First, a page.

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State v. Garafola

Decided: February 11, 1988.


Humphreys, A.j.s.c.


The State of New Jersey has charged 27 persons in this indictment with a racketeering conspiracy and other crimes under the New Jersey Racketeering Statute N.J.S.A. 2C:41-1 et seq. The alleged conspiracy was to provide illegal dumping sites in New Jersey for out of state waste haulers. The State charges that the conspiracy involved bribing of New Jersey municipal officials, extortion and other crimes. The trial is estimated to take six months or longer.

The defendants have filed numerous pretrial motions. Some were assigned to another judge. The remaining motions have been retained by this court. The motions before this court were briefed and argued at great length. This opinion resolves the motions for severance and for a continuance.

Defendants have moved for a severance on a number of grounds. The State opposes severance. The position of the State is that under the New Jersey Racketeering Statute all the defendants may and ordinarily should be tried in one trial. The State's position may be sound. However, such a trial must still meet constitutional standards of fairness. The court is satisfied that a joint trial of all the defendants would be of such an inordinate length and complexity that it would violate those constitutional standards. The court therefore grants severance as follows. The defendants Mocco, Dulanie, Bassi, M. Harvan, Ball, Hurtuk and Dancy will be tried first. After that trial the court will determine the number and order of the remaining trial or trials.

The motion for a continuance is denied. The case will begin as scheduled on February 29, 1988.


For the purpose of this decision, the court accepts the State's position that all members of a racketeering enterprise may be joined in one indictment and tried together. See United States v. Vastola, 670 F. Supp. 1244 (D.N.J.1987); United States v. Gallo, 668 F. Supp. 736 (E.D.N.Y.1987); see also United States v. Kotteakos, 328 U.S. 750, 773, 66 S. Ct. 1239, 1252, 90 L. Ed. 1557 (1946); United States v. Russo, 796 F.2d 1443 (11th Cir.1986). Nonetheless a court in order to achieve a fair trial may order "an election or separate trials of counts, grant a severance of defendants, or direct other appropriate relief." R. 3:15-2 b.

The criteria for a severance are set forth in State v. Scioscia, 200 N.J. Super. 28, 42-43 (App.Div.1985), as follows:

". . . The potential for prejudice inherent in the mere face of joinder does not of itself encompass a sufficient threat to compel a separate trial. A severance should not be granted 'merely because it would offer defendant a better chance of acquittal' . . . Rather it is incumbent upon the trial judge to weigh the interests of judicial economy and efficiency against the right of every accused to have the merits of his case fairly decided. . . 'The issue is not the respective weights of the evidence but the fairness of the trial as to each defendant.'" [Emphasis supplied]. State v. Coruzzi, 189 N.J. Super. 273, 298 (App. Div.1983) certif. den. 94 N.J. 531 (1983); See also State v. Coleman, 46 N.J. 16, 24 (1965).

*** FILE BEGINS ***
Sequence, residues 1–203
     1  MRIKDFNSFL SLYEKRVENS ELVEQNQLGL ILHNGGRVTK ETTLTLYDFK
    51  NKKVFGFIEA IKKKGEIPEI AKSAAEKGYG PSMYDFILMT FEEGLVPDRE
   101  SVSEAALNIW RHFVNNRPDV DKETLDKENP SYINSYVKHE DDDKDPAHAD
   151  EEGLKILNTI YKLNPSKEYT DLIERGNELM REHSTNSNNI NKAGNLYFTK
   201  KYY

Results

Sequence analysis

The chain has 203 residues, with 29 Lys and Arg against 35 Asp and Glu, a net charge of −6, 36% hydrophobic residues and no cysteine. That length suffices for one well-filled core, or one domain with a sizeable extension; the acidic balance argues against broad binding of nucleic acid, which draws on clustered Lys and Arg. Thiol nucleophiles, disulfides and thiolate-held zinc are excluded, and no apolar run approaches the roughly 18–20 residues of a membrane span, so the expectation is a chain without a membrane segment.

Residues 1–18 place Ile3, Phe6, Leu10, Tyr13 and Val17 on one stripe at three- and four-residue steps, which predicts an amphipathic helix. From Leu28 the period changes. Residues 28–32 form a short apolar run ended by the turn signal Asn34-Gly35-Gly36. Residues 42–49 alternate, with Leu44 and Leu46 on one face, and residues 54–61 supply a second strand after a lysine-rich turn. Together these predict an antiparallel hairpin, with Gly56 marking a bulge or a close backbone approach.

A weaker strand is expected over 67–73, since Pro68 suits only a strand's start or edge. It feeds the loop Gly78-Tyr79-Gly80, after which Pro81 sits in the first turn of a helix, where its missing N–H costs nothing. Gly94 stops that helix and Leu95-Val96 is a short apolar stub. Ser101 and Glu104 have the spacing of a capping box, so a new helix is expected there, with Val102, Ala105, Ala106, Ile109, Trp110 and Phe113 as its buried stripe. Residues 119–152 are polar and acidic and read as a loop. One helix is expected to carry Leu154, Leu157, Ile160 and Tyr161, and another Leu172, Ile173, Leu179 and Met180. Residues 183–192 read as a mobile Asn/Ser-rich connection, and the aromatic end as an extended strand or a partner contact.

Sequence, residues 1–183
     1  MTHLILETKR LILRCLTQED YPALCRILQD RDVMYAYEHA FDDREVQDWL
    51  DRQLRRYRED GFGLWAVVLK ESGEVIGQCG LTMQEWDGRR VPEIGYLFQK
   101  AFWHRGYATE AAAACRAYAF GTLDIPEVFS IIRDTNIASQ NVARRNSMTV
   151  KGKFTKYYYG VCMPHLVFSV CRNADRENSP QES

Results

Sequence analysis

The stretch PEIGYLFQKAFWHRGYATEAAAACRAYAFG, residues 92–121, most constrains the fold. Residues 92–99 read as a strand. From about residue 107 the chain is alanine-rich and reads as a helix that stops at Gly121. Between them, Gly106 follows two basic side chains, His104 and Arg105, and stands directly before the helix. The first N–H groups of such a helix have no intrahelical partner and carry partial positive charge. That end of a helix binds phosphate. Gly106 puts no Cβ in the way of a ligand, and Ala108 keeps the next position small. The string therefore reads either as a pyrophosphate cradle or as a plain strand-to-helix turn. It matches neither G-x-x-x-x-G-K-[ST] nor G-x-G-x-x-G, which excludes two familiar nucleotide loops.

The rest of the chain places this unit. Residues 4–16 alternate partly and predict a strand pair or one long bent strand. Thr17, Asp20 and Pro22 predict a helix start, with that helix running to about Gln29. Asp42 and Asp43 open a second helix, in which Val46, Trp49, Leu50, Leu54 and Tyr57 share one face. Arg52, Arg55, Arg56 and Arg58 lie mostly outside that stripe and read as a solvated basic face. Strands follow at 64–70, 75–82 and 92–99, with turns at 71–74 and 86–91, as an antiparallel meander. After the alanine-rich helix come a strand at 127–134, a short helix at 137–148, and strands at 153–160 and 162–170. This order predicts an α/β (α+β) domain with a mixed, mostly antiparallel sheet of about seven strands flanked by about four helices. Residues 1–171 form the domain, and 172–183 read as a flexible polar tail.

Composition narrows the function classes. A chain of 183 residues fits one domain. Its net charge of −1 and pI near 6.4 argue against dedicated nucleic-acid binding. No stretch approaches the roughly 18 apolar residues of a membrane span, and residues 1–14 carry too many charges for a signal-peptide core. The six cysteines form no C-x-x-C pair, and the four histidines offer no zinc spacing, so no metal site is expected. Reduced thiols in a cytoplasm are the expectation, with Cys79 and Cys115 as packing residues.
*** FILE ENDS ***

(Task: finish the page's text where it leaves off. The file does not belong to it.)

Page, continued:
A review of the facts in this case demonstrates that one "mega" trial would not be fair to the defendants or to the State. The indictment is 140 pages and contains 116 counts. The State at oral argument estimated that it will call some 60 witnesses, both fact witnesses and experts. The State will also offer some 175 recorded telephone conversations, a number of video tape surveillances and voluminous documentary evidence. Defendants indicated that they will challenge the admissibility of much of the State's evidence and seek to have numerous other recorded telephone conversations introduced on the State's case. Defendants also stated that they will have extensive cross-examination. Under those circumstances the court estimates that the State will require four months or more to present its case.

The defendants indicated that they will present a lengthy defense. Moreover, defendants pointed out that the length of the trial and the large number of jury challenges will make jury selection a difficult and lengthy process. The trial itself will be punctuated with numerous delays. An adjournment may be required if only one of the 27 defendants, their counsel or a juror becomes sick. A similar jury trial in federal court in Newark has resulted in only a day or so of evidence a ...

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